VAN SUSTEREN: But that's where the power of the people comes in, because you have a first amendment right to do it. The people don't have to buy it. They don't have to buy the videos of Joe Francis. They don't have to do anything. That's the power of the people.

INGRAHAM: Here is the problem. I have this part in the pornification chapter, the "just turn it off" defense debunked, because, today, there is no turning it off, Greta.

You walk down the street, it's the Viagra billboard. You walk into the mall, and it's the Abercrombie & Fitch three with two black and white rolled down to the hipbone "come hither look" for the threesome look.

I'm telling you, there is no turning it off. It's disempowering for women, that's what it is.

VAN SUSTEREN: I don't disagree with you that it's disempowering for women. I don't disagree with you that it's trashy. The thing is that rather than going after the First Amendment, to go after the consumers and tell the consumers just stop looking at it, stop letting your kid do this.

INGRAHAM: This book is not about government solutions to any of this. The government is not going to solve our own cultural degradation.

VAN SUSTEREN: It's the power of the people. The people have to do it. Not Joe Francis, but the people.

INGRAHAM: It's about families as well, but—you are a good friend, but I wouldn't give him a minute on my show. I wouldn't give this guy five seconds for what he thinks is "good commerce" in the United States.

You can make a lot of money, Greta, by putting a public execution on the air. People would watch it. Would you do it? Is it right.

VAN SUSTEREN: I wouldn't buy his DVD. I would fight for his First Amendment right.

INGRAHAM: But why interview him? There are a lot of sleaze bags out there.

VAN SUSTEREN: Two reason—one is the first amendment aspect, but even more importantly, he is in jail without bond, and he has a right to bail under the Constitution. So, for those two constitutional issues—call me old fashioned, I believe in the Constitution.

INGRAHAM: Yes, but there are plenty of injustices out there. I mean this guy is a slime ball and sleaze ball. And if it was either of our kids who were drinking too much one night and he saw her at 1:00 in the morning on one of the cable networks flashing herself.

VAN SUSTEREN: It the fault of Joe Francis and not the parents?

INGRAHAM: I just think he obviously preys upon the vulnerability and the immaturity of a lot of these young girls. And it's whether it's Hugh Hefner or Larry Flynt or any of the adult filmmakers in Vegas or Los Angeles—is that really the best of America? I don't think it is.

VAN SUSTEREN: Just so you and I know—I agree on the taste issue. The problem where you and I differ is simply on the First Amendment issue.

INGRAHAM: I'm not even making the First Amendment point. My point is this—there is so many great stories to be told out there. There can be disturbing stories for sure, but, I think when we elevate this guy to this iconic status.

VAN SUSTEREN: I don't think is he an icon. I don't think he's an icon.

INGRAHAM: Come on, he is in the gossip pages. He is on television on Access Hollywood. He is on this network. Neil Cavuto has interviewed him. I mean, come on.

VAN SUSTEREN: And, regrettably, the First Aendment is there for the unpopular.


INGRAHAM: . . .regularly either, and they are protected by the first amendment. Where is the skin heads segment on On the Record? Come on.

VAN SUSTEREN: We don't have much time, and you and I will fight about this later in the makeup room. Don't think she is going to get away with this, we will talk about this in the makeup room.

INGRAHAM: Oh fantastic.

What view do you hold that you think would surprise your audience?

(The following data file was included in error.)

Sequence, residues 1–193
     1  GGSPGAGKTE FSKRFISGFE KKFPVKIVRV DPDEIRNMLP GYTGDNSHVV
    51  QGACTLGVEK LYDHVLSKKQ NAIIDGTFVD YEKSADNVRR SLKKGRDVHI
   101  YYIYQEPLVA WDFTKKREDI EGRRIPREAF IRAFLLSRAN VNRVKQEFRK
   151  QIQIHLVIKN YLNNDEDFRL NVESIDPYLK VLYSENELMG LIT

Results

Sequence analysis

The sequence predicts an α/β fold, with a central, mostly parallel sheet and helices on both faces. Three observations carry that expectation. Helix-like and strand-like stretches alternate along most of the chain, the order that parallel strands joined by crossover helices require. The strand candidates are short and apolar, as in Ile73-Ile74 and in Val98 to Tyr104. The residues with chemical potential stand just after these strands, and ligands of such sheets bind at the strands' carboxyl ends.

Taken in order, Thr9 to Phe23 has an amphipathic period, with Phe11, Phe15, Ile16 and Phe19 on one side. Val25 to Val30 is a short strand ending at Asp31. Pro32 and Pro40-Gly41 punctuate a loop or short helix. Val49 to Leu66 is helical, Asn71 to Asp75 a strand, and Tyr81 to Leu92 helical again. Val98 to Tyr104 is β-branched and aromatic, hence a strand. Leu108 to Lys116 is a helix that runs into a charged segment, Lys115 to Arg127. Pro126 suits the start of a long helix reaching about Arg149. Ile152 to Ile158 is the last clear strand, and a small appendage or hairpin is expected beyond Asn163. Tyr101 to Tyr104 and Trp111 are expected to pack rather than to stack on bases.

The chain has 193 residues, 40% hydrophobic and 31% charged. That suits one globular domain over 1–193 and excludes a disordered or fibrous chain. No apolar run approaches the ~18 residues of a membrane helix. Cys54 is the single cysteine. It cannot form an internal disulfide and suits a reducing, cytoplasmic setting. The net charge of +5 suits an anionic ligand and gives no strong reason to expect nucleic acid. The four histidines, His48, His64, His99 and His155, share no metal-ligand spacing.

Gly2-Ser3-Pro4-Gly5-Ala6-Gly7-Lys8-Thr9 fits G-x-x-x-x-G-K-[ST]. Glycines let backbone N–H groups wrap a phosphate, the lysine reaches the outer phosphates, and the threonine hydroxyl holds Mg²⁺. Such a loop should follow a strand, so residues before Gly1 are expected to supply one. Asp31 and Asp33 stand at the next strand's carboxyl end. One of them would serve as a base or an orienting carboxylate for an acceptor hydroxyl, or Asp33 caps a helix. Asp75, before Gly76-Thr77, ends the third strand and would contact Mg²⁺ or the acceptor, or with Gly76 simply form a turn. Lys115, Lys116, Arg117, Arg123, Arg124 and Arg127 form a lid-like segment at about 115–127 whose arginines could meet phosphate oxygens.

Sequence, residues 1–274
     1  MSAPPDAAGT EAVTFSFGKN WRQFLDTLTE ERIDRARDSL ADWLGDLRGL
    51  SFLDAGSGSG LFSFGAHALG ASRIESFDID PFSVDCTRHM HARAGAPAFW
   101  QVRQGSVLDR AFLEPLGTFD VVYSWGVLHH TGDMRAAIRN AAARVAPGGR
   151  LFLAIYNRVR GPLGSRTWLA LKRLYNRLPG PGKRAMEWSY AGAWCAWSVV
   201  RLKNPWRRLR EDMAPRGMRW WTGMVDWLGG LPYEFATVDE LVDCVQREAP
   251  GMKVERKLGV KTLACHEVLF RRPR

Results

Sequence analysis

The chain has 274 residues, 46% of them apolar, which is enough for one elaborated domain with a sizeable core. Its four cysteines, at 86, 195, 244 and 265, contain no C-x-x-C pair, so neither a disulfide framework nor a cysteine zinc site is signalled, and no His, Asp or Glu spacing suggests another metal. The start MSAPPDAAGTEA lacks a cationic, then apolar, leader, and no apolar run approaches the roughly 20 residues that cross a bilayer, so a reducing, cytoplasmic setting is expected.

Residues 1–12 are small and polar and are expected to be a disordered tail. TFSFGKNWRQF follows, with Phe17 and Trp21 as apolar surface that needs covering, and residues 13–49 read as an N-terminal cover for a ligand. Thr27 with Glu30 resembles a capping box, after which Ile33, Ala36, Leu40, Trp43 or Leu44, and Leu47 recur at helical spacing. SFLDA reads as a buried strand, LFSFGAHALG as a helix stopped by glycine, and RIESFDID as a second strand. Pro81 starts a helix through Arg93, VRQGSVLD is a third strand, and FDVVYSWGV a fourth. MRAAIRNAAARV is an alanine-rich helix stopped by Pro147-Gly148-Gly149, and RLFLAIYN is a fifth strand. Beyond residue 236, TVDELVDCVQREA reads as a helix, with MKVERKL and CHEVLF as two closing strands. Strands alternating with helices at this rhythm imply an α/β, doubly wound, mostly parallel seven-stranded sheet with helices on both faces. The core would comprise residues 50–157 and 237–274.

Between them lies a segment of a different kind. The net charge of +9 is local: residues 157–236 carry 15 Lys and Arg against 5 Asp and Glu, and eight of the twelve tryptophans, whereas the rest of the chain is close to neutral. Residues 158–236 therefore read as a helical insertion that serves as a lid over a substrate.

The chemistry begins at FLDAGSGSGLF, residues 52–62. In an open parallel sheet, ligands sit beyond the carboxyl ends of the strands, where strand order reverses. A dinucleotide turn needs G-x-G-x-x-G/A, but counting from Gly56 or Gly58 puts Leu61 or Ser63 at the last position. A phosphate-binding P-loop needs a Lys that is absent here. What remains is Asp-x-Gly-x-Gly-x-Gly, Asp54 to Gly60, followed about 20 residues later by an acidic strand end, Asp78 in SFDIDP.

INGRAHAM: Well, I think that the things in this book that are probably most revealing are the personal stories. And you were such a good friend to me a couple years ago when I had that unfortunate health diagnosis. And in this book I talk about that period of my life. I talk about getting fired from MSNBC.

VAN SUSTEREN: Which, that was a good thing. That was a good thing.

INGRAHAM: I actually thanked the two executives who fired me because I wouldn't be doing now what I'm doing now, which is what I'm supposed to be doing. You always find your right niche if you get fired enough times, and I did. So I tell that story.

I talk about my own faith journey, which I have never really talked about publicly before.

VAN SUSTEREN: Have you always had faith, or is that new?

INGRAHAM: No. I think it was really after my mom passed away about eight years ago of lung cancer that I hit rock bottom and realized that I had all this fame, but I did not a lot of joy in my life. So I started to ask myself some tough questions. And I think that started me down the path.

And so I reveal a lot about myself, especially in that chapter which is called "The Real Superpower." So, that's the final chapter.

The first chapter is about the family, where the power really is in the beginning, and in the end is, what if we lose all these battles? What do you have then? For me I have my faith.

VAN SUSTEREN: And to talk about the health crisis you had—First Lady Laura Bush is traveling in the Middle East for breast cancer.

INGRAHAM: Fantastic.

VAN SUSTEREN: It really is. My hat always goes off to the first ladies out there. They have no job description. They are not getting paid. They could be sitting home. She could be in Crawford eating chocolates, watching TV, and she is out there hustling.

INGRAHAM: Absolutely. And all the people out in this country who do the breast cancer walks, the bike rides, raise money school-to-school. It's so appreciated, and we have made such progress in breast cancer research, and it will continue.

And all the other cancers need research dollars, too. So I'm always—

VAN SUSTEREN: Power to the people.

INGRAHAM: Power to the people.

VAN SUSTEREN: Pick up a copy of "Power to the People." We are going to go, but Laura and I will continue our fight in the makeup room.

INGRAHAM: Joe Francis is going to be filling in for Greta next week!

VAN SUSTEREN: I have to give Laura an education in the first amendment.

INGRAHAM: Joe Francis? What?

VAN SUSTEREN: Anyway, buy this book, "Power to the People," and you can make your choice and not buy those tasteless things.

Laura, always nice to see you. Keep her book on the bestseller list, "Power to the People."

INGRAHAM: I will. We have got to beat O.J., your other pal.

VAN SUSTEREN: Thank you. Thanks.